Immortalizing Kobe’s Greatness

Written by Bob on December 1st, 2015

YUCAIPA, Calif. – I have never been much of a Kobe Byant fan. Principally because he’s a Laker and I’ve hated the Lakers ever since they snuck out of Minneapolis in 1960 and had all that enviable success in LaLa Land, and all that ballyhooed “Showtime” with Magic and company.

But now that Kobe has officially announced his retirement at the end of the season, I will be watching his every move to cache his greatness in my basketball memory bank.

To remember as long as I can ward off dementia, his incredible clutch 3-pointers; his drives in the lane and slamming the ball down through the hoop over taller opponents; his unstoppable post-up and fall-away jump shot from 15-feet along the baseline; his demanding the ball to take the clutch shot under intense pressure that more often than not was the game-winner for the Lakers.

I’ve been an ardent NBA fan since a little kid in the 1950s, watching the game’s greatest players perform during Sunday’s Game of The Week on a grainy, oval black and white TV. I want to remember Kobe as I have remembered the stars I’ve idolized for the past 60 years:

The Lakers Jerry West (1960-1974) will forever remain No. 1. I can still see West’s incredibly quick pull-up jump shot from the top of the key, from the left and right elbows, off a pick-and-roll, from the baseline; from nearly anywhere on the court – including a 60-foot shot at the buzzer to beat the Knicks in the 1970 playoffs.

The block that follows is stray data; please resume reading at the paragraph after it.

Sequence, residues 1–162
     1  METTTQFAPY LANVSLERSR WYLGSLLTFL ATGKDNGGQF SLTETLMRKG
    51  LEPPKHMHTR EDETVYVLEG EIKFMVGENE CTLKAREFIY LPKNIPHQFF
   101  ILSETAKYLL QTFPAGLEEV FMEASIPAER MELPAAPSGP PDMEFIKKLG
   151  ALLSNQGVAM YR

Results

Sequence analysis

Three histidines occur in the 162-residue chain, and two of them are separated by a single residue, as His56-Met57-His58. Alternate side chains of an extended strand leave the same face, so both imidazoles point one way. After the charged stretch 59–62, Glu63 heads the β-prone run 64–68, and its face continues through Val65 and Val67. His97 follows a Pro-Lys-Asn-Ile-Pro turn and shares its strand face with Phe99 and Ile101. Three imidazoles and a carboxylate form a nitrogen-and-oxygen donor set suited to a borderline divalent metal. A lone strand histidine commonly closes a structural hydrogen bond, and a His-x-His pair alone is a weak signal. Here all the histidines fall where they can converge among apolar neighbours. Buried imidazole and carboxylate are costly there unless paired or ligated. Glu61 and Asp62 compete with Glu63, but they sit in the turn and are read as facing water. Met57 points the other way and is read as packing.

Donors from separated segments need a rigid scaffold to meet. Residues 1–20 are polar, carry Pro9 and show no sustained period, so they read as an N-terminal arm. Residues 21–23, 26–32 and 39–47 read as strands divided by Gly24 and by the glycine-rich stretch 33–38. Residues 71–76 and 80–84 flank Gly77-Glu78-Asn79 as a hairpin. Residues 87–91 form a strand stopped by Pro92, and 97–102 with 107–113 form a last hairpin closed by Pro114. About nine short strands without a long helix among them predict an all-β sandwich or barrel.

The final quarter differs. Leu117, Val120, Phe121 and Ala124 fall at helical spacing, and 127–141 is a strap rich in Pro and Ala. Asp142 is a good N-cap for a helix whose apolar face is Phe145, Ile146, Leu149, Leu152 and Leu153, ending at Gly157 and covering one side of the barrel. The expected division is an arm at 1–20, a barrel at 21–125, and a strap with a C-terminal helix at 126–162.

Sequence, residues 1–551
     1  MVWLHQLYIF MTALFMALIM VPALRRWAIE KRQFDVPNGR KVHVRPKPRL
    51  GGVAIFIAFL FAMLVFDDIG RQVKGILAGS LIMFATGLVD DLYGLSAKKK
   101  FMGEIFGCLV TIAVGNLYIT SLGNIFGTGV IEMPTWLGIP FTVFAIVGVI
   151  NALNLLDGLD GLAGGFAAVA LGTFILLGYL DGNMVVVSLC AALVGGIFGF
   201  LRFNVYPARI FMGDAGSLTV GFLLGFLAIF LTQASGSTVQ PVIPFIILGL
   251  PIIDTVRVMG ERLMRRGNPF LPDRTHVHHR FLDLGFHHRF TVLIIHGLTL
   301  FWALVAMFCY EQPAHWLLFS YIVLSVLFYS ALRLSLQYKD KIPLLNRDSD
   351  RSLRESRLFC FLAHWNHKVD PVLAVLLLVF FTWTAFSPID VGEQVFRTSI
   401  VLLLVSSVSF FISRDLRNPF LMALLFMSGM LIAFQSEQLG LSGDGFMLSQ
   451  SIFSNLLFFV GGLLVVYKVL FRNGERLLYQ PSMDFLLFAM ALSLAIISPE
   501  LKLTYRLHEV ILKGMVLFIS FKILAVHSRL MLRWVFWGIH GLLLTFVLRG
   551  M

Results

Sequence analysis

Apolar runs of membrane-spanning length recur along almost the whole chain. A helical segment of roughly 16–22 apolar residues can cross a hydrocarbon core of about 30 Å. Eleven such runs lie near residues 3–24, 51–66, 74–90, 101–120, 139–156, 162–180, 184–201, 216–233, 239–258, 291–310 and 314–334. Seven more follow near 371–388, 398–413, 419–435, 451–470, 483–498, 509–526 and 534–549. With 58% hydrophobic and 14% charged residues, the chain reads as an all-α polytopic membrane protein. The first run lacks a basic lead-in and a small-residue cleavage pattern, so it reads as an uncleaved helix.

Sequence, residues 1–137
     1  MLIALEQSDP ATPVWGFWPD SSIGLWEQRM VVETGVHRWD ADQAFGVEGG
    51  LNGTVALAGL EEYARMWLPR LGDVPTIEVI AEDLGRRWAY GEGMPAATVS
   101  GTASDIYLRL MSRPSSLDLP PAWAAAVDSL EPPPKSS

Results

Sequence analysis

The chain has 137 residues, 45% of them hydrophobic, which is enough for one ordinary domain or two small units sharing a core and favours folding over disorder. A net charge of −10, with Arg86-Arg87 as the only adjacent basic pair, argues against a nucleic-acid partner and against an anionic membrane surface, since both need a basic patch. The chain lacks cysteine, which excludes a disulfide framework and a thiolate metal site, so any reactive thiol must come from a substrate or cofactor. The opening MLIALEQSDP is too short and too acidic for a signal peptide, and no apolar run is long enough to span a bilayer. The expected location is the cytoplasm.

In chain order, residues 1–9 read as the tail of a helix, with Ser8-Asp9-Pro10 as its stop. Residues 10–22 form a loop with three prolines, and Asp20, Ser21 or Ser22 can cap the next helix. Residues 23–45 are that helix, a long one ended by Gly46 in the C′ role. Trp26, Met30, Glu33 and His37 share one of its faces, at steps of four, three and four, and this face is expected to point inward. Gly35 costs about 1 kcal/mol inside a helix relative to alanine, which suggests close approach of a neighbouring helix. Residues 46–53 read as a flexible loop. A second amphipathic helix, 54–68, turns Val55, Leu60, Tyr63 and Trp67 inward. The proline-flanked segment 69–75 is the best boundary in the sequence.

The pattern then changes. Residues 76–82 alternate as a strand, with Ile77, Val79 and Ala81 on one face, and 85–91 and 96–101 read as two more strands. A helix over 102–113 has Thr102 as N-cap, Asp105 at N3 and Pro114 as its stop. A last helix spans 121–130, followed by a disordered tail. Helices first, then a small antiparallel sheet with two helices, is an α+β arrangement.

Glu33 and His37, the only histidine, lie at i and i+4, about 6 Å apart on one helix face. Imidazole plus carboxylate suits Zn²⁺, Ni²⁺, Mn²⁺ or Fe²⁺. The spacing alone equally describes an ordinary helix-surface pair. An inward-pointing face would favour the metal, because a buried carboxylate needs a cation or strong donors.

I close my eyes and I can still see “Mr. Clutch” – as he was so suitably crowned – releasing the ball at the height of his jump shot, the ball spinning and arcing ever so perfectly off the tips of his fingers and swishing through the net.

I would shoot hundreds of shots in a cleared-out space in the haymow of our barn, in freezing Minnesota winter weather with mittens on, trying to make West’s shot, my shot.

I would lie awake in bed at night, snapping and spinning the basketball off my finger tips toward the ceiling, trying to perfect West’s shot, making his shot, my shot.

But I remember watching other great players who instilled within me a great love for the game.

Sam and K.C. Jones of the Celtics. Sam (1957-1969) the great mid-range scorer with his jump shot from 12 to 15 feet out that he often banked off the backboard. Oh how I copied that shot. And K.C. (1958-1967), who demonstrated that tenacious defense earns court time and wins championships.

…The speedy and gifted ball handling Hal Greer (1958-1973) of the 76ers…Julius (Dr. J) Erving (1971-1987), one of the greatest leapers and dunkers the game will ever see…John “Hondo” Havlicek of the Celtics (1962-1978), not especially gifted, but with a stamina and energy that exhausted opponents trying to keep up with him…

…And there’s point guard John Stockton (1984-2003) and power forward Karl “The Mailman” Malone (1985-2004) of the Utah Jazz that ran the pick-and-roll like no other guard and forward in the history of the game…

…Celtics center Bill Russell (1956-1969), whose defense in the paint was unmatched in his era…and my final Celtic, Larry Bird (1979-1992), whose epic battles with Earvin “Magic” Johnson and the Lakers will live on forever in basketball lore.

So many great players that I remember, and now Kobe will join their legacy after this his final season. A season in which I will watch and file away Kobe moments in my basketball memory bank along with Mr. Clutch and the many wonderfully talented players who have instilled within me this intense of love of the game.

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